Care cost cap 'will help one in eight'
Published on 18 July 2013 11:30 AM
One in eight older people will benefit from the cap on care costs set to be introduced in England in 2016, the Government says.
Ministers believe the move is a solution to the crisis in care for older people, but with the £72,000 cap twice as high as originally recommended the number benefiting will be less.
Labour says the cap won't help older or disabled people, who are struggling to get the support they need now.
The Government is consulting on its plans, but forecasts show it could be four years after changes are implemented before significant numbers of those aged over 65 begin to reach the cap.
The plans include a deferred payment scheme allowing local councils to pay fees before reclaiming them from estates after death, meaning people wouldn't have to sell their homes to fund care.
Care minister Norman Lamb said the aim was to help older people financially, encourage everyone to plan better for later life and persuade the insurance industry to develop more products covering care costs.
Only a small percentage of older people will receive support
Age UK's charity director general, Michelle Mitchell, said: 'We welcome the consultation as one more step towards transforming our crumbling, unfair social care system for current and future generations of older people, nonetheless it is clear the new system is complex and there is still a long way to go to make sure the system works and achieves its aim.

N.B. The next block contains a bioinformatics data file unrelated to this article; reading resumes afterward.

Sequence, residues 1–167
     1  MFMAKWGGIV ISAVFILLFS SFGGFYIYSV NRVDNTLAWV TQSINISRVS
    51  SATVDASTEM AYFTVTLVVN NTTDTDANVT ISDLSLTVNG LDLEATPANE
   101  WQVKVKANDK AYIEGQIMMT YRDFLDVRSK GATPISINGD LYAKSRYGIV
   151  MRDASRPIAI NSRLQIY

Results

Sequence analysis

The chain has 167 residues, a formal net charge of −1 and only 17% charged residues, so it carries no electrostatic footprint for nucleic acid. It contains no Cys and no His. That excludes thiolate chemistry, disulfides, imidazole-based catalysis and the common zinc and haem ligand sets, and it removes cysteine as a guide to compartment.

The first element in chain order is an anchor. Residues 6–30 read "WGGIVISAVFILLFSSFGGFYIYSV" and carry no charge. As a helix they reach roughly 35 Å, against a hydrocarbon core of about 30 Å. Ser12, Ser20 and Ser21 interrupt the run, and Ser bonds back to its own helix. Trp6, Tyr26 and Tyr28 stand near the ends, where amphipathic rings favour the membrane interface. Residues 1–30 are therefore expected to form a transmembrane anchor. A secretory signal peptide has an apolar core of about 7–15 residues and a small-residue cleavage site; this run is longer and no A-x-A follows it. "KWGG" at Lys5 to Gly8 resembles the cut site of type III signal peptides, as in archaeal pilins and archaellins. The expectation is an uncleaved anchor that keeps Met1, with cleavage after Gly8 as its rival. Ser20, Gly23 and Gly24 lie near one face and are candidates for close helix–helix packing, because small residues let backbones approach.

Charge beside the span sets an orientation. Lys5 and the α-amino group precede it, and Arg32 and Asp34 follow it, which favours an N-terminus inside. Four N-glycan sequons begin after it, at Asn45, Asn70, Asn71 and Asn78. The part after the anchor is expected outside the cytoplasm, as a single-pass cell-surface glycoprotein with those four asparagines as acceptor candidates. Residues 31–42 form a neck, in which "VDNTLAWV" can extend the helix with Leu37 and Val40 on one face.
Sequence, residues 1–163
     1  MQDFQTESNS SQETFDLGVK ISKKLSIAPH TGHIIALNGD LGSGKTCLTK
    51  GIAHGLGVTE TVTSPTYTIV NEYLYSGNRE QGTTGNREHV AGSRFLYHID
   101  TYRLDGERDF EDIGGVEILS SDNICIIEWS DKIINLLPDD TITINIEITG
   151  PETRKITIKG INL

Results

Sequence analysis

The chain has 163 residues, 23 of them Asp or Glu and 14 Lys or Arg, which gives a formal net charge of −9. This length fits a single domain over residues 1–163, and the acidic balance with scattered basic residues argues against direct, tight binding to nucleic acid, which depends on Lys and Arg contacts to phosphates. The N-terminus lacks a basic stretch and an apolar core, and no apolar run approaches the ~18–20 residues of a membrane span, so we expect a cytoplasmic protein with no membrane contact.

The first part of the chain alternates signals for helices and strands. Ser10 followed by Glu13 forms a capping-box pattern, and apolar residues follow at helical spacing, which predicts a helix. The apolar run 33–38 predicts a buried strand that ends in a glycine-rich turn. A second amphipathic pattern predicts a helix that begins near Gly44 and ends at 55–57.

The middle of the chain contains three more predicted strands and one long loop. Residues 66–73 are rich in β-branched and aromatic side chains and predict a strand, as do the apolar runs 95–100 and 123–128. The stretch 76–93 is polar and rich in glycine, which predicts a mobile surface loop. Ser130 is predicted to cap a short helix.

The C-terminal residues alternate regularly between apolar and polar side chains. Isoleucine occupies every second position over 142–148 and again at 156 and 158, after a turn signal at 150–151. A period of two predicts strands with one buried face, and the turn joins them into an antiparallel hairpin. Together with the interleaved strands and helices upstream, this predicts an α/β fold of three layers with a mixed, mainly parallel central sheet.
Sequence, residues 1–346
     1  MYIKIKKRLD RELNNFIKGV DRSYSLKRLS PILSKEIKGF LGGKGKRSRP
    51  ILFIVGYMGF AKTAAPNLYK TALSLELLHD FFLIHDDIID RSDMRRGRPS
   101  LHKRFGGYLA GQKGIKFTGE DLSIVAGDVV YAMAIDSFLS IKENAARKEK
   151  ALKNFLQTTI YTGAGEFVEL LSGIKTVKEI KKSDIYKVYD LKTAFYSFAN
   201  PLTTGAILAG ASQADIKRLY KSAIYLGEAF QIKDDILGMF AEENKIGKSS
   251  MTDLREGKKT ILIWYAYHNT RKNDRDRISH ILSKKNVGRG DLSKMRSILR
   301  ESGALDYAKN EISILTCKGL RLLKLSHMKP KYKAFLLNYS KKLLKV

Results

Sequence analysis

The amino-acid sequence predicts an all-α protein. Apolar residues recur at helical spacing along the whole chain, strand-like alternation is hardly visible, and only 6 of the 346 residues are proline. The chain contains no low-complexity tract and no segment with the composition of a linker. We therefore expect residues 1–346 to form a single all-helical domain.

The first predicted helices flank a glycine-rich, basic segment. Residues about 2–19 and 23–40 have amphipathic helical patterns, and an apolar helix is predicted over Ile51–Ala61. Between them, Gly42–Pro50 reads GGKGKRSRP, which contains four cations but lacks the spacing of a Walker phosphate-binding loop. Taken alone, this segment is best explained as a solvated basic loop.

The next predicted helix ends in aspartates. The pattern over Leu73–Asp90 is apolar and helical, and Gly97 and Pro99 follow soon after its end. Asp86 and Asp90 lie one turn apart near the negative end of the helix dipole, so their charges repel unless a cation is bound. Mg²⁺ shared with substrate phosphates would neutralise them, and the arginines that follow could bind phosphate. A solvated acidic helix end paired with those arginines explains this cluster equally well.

'However, it is crucial that the public understands what costs are included under the cap and what impact the proposals will have. With a cap set at £72,000 it is clear that only a relatively small percentage of older people will receive financial support as a result - namely those who have the greatest care needs for a considerable amount of time.
'It will also only apply to those who are assessed as eligible - so people may be surprised that even those with quite considerable care needs may not have access to the system. Age UK would like to see it open to all those who would currently be assessed as having "moderate" care needs, to encourage people to seek support before they reach crisis point.'
Copyright Press Association 2013